- Including a specific due date for each item on the roadmap.
- Failing to clarify for stakeholders that the roadmap is simply a guiding strategic blueprint — a goal — and not a contract or a promise.
What to do about it:
To avoid this pitfall, we recommend a two-step best practice.
The first step involves your communication strategy. Whether you present your roadmap in a stakeholder meeting, or LiveShare the roadmap link with specific coworkers, you need to include clear language that the roadmap represents your current plan and goals — but that it could also change at any time for any number of reasons.
Step number two involves making sure you have the right tool for this job.
Anytime you plan to share your roadmap, you need to think through whether or not you want to share dates or time frames with these specific stakeholders. For one group — your developers, for example — you might want to show your goals for completion times, because they’ll need this information to prioritize their work and to determine if they have the capacity to get it done.
But when you’re sharing the roadmap with other audiences — for example, your sales team — you might want to leave the timelines off altogether. You don’t want an overly enthusiastic sales rep to copy the roadmap’s dates and share it with prospective customers.
The key to step number two is to make sure you have a roadmapping solution that lets you easily display or hide timelines depending on your audience.
4. Managing the roadmap as a glorified backlog
A product backlog is a list of ideas, suggestions, requests, and other items your team hopes or plans to work on — at some point in the future. It’s definitely not a best practice to allow your backlog list to become so large you have difficulty finding a specific item on it. But in theory, you could. There is no limiting principle on the size of a product backlog.
Your roadmap, by contrast, must be limited in scope, number of items included, and timeframe. The roadmap represents your strategic plans and goals over a coming period of time — from a few months to a year or more. You can’t work on every backlog item in that timeframe, nor should you want to.
Your product roadmap should include only the items you have already vetted, deemed strategically viable and worthy of your team’s time, and added to your company’s near- or mid-term agenda.
Where Product Managers often go wrong is by treating their roadmap as simply the top items on their product backlog. It’s easy to focus on those items, or the tactical requests people are asking for, and make progress on those. But that removes the strategic work you’ll need to make sure your team is using its limited time and resources to build the things that have the best chance of resonating with your market and generating revenue for your company.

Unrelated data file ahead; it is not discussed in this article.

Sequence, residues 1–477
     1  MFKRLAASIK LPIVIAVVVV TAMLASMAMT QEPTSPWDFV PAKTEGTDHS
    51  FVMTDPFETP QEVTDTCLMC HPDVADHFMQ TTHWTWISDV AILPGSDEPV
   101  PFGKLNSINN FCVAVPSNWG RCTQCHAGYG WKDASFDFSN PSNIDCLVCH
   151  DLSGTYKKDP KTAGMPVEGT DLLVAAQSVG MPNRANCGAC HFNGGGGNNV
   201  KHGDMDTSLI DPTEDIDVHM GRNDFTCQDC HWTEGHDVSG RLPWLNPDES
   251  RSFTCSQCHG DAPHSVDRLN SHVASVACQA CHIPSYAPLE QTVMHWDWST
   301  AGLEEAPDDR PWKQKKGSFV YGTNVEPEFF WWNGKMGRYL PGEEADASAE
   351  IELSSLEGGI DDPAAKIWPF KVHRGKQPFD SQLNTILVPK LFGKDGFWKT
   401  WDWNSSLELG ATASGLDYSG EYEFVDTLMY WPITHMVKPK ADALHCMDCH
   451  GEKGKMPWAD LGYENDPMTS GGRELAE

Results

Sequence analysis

What to do about it:
First, you’ll need to keep your backlog and roadmap separate. Items you haven’t yet vetted and prioritized go in the backlog. When you’ve prioritized an item and determined it’s worth pursuing, only then should you place it on the roadmap. And only after you’ve also determined you’ll have the resources to get the work done in the estimated timeline you’ve set for the project.
Ideally, your backlog will look like this:
And your roadmap will look something like this:
And again, the best practice is to make sure you have a comprehensive product management platform that lets you maintain both assets in one place — so you can quickly and easily review items in both documents and move them back and forth according to your strategic plans.
5. Treating the roadmap as “done” instead of adaptable
Another extremely prevalent roadmapping mistake is to create the product roadmap, share it with stakeholders, and then treat the plan as if it’s set in stone.
Inexperienced Product Managers often fall into this trap because they perceive having to course-correct in the middle of development as a failure. And that’s because they’re simultaneously making other mistakes on this list — including treating their roadmap as a promise and focusing on outputs instead of outcomes.
In reality, very few products go from concept to roadmap to market launch according to the exact plan initially laid out by the Product Manager. External conditions will almost always evolve at some point during the development process. Company resource levels change, priorities shift, budgets get pulled from one project for another, etc.